Reviewed by Dr Lee Smith, Associate Professor of Public Health​

Does your business have a menopause policy? These tips for businesses on how to better support women experiencing menopause symptoms within the workplace are essential – from controlling temperatures, flexible working and holding awareness sessions to educate colleagues.

As the media continue to highlight the negative experiences some women have suffered when going through menopause at work, Healthily, have introduced a menopause policy to help support their own employees

With menopause affecting most women aged between 45-55, the importance of supporting employees experiencing symptoms in the workplace is paramount. 

With reports across the country highlighting the experiences some women are having when experiencing menopause[i][i] (which include having to leave jobs, or take unpaid leave), online medical advice service, Healthily, has introduced a policy to help train managers and make office working easier for employees.

Symptoms of menopause can often include hot flushes, headaches, and anxiety, along with a number of other less common symptoms like problems with memory and concentration. These symptoms are very likely to have an impact on an individual’s mindset and in turn could go on to impact an employee’s performance. 

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There are several things that workplaces can put in place to help women that are experiencing symptoms. As part of the new policy, Healthily has put in place the below measures which could be easily adapted to other work environments.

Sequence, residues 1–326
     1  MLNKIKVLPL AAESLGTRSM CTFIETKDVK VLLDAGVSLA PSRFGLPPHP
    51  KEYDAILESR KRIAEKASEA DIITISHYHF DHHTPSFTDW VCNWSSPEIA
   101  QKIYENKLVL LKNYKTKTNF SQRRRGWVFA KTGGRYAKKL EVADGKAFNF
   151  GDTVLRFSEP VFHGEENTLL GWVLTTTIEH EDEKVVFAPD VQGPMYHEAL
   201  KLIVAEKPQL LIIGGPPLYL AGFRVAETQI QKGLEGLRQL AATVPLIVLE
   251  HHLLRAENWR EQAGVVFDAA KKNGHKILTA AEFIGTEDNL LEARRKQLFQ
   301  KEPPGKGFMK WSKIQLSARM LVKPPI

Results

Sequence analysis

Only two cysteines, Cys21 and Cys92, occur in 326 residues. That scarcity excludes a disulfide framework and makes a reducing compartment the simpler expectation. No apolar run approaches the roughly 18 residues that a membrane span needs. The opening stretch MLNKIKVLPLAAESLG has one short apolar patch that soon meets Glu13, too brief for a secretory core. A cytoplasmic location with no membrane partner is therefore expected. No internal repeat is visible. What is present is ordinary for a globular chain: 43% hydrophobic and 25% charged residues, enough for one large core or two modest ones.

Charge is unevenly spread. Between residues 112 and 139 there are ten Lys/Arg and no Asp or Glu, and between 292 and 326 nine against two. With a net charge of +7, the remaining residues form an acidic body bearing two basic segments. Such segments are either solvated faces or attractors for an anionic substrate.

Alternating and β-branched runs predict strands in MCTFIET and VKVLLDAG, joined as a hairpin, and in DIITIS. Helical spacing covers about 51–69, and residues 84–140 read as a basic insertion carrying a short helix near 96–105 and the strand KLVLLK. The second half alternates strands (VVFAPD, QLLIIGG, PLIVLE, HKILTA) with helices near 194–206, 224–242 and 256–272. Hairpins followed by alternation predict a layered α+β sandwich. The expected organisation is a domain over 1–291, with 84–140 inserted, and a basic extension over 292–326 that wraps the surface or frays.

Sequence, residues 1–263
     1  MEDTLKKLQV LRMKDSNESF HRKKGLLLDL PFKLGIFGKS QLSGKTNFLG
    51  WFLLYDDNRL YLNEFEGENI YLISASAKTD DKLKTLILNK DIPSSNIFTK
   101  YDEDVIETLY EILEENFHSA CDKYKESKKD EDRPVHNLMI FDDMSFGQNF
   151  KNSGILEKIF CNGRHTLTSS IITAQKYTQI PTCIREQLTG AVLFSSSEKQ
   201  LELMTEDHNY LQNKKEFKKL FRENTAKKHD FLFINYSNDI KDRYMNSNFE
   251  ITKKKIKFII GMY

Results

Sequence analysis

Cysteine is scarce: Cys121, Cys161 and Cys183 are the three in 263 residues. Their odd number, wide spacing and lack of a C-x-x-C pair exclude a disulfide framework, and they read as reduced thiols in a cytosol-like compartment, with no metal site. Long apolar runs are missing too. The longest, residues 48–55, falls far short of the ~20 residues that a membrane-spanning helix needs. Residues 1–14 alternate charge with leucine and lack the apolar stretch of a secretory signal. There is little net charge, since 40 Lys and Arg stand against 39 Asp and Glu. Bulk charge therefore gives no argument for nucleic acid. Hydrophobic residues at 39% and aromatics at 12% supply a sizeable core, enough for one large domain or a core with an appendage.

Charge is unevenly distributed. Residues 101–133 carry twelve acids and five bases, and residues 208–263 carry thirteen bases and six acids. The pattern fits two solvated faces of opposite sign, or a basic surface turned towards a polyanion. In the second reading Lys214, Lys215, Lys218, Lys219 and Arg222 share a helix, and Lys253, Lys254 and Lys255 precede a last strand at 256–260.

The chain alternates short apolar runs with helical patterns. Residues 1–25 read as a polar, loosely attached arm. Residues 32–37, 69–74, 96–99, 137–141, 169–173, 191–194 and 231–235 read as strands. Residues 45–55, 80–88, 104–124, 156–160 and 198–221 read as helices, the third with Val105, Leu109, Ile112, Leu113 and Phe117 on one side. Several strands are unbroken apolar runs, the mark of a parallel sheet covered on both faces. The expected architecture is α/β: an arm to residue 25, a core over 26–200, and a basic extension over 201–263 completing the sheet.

Temperature control

Hot flushes are known to be one of the main symptoms of menopause, therefore having a comfortable office temperature can help, chilled water and desk fans are also a good way to further support.

Flexible working

Difficulty sleeping can no doubt impact an individual’s concentration levels throughout the day, and as this is also a common symptom of menopause, encouraging flexible working and a change in hours could really help an individual. Offering reduced hours for a period of time may also be beneficial.  

Information sessions

Knowledge and education around menopause needs to be improved, and this is currently highlighted within the media. Having expert-led sessions on the subject will help build further understanding. These should aim to increase awareness and provide information on the subject areas. Encouraging managers to attend these is crucial to helping support all staff members.  

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Geraldine Butler-Wright, Chief People and Culture Officer, at Healthily:

“Menopause in the workplace is a huge topic within the media at the moment and some of the stories from women are very disheartening to hear.

We introduced our policy to not only help support our colleagues that are going through menopause, but to also educate our managers who may not have huge amounts of knowledge on the subject.

“At healthily we encourage our staff to speak to their line manager, or HR teams if they’re experiencing any of the symptoms of menopause. From this, we can then work together to ensure they are fully supported within their role and have access to everything they need.”

[i] https://www.telegraph.co.uk/news/2021/10/13/women-face-impossible-choice-menopause-forces-one-eight-quit/

 

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